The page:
Let’s be honest, we were all really hard on M Night Shyamalan‘s The Village. With so much hype and everyone looking for a shocking twist, we forgot to pay attention to the film’s beautiful cinematography, the brilliant performances and, of course, the actual story being told.
Every filmmaker who has produced more than one movie has developed a signature style – a trademark that can be found in each of their works. Just consider Tim Burton and his fascination with monochrome landscapes, or Wes Anderson and his keen eye for detail and symmetry.
Then, we have directors like M. Night Shyamalan. These creators, while lacking a distinctive visual style, hide their trademarks in how they tell their stories. In Shyamalan’s case, everyone knows that the man just loves his plot twists. This is all fine and all, but there can be some issues when a filmmaker falls victim to their own limitations, or even worse, to what audiences expect from their works. That’s more or less what happened with The Village, one of M Night Shyamalan’s most disproportionately vilified films.
A Modern Fairytale
For context, The Village was released at a challenging moment for Shyamalan’s career. Hot of the successes of The Sixth Sense and Unbreakable, it seemed like the filmmaker could do no wrong – until Signs came around. That movie was mocked for its weak plot and strange characters, not to mention the unsatisfactory plot twist of the aliens’ weakness.
It was clear that The Village needed to be a success, which is why Shyamalan went above and beyond with the production design of his sixth major film. In terms of presentation and costume design, none of Shyamalan’s films, before or after, has come close to what we saw in The Village.
Once you look past the plot’s shortcomings – because no film is without its flaws – you’ll find that Shyamalan has managed to craft a breathtaking society of fascinating characters and complex social structures. Perhaps, the best way to describe The Village would be to call it a modern fairytale. Had the movie been released a few years later, maybe under A24’s banner, we’d be seeing raving reviews for it left and right.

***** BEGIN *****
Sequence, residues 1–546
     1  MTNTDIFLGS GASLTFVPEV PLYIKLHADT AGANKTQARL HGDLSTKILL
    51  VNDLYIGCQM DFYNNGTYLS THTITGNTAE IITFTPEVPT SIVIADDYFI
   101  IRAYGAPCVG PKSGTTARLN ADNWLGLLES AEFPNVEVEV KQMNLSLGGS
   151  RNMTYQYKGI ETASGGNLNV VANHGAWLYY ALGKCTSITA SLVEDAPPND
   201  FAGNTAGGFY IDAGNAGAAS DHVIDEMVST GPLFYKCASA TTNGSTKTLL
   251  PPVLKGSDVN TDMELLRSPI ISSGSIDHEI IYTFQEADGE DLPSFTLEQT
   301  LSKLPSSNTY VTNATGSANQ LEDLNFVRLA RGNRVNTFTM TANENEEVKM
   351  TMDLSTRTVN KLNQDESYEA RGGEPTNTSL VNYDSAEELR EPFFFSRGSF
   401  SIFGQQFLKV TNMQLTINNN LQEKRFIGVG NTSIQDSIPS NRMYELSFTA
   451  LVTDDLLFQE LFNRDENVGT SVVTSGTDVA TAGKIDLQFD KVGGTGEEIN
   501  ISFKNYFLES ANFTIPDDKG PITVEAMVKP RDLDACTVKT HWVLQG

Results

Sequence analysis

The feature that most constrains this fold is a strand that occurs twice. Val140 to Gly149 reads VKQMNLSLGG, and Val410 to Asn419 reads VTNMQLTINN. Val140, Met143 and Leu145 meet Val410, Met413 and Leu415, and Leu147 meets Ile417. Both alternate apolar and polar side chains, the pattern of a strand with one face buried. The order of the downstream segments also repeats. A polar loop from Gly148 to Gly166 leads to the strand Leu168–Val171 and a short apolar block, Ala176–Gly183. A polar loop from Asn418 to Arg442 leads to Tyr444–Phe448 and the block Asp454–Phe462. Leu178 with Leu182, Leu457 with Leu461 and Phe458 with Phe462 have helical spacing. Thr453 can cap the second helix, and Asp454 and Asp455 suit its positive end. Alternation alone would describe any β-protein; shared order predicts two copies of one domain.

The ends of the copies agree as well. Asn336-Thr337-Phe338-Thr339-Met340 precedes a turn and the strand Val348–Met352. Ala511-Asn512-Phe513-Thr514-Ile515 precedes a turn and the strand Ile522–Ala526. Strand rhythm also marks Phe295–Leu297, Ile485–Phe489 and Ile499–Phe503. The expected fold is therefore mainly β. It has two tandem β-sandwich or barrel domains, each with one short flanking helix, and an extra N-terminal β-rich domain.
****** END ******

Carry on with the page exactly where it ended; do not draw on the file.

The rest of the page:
Ironically, The Village falls victim to M Night Shyamalan himself. People wanted to see the movie not because of its spectacular cinematography, or for its fascinating production design, but because they wanted to see what sort of plot twist Shyamalan was going to conjure up next.
Generally speaking, Shyamalan does a great work of hiding what the twist is going to be in most of his movies. Some of the weaker ones, like The Happening or Signs, don’t rely excessively on their twists, just because they have almost no bearing on the plot whatsoever. However, in The Village, the twist changes everything for the characters involved in the story. This only makes it even worse when Shyamalan gives it away early on in the film.
Spoiler alert: there are no creatures living in the woods surrounding the village. The whole thing was a ploy by the elders, who are aware that they live in a secluded society that’s set to resemble a 19th-century town, but it’s actually deep in the woods in modern times.
This all sounds great and all, but Shyamalan reveals the twist midway through the plot, answering the questions of those in the audience that went to see the flick only because they wanted to see Shyamalan’s next twist ending. Even the marketing for The Village promised a similar unexpected conclusion to that of The Sixth Sense, paying little to no attention to some of the more praiseworthy elements of the film.
If you’re in the mood for one of the most finely crafted period thrillers ever made, and you’ve already seen The Witch, then definitely consider giving The Village a watch. It’s nowhere near as bad as some people say, even if it doesn’t have the killer trees from Shyamalan’s best comedy, The Happening.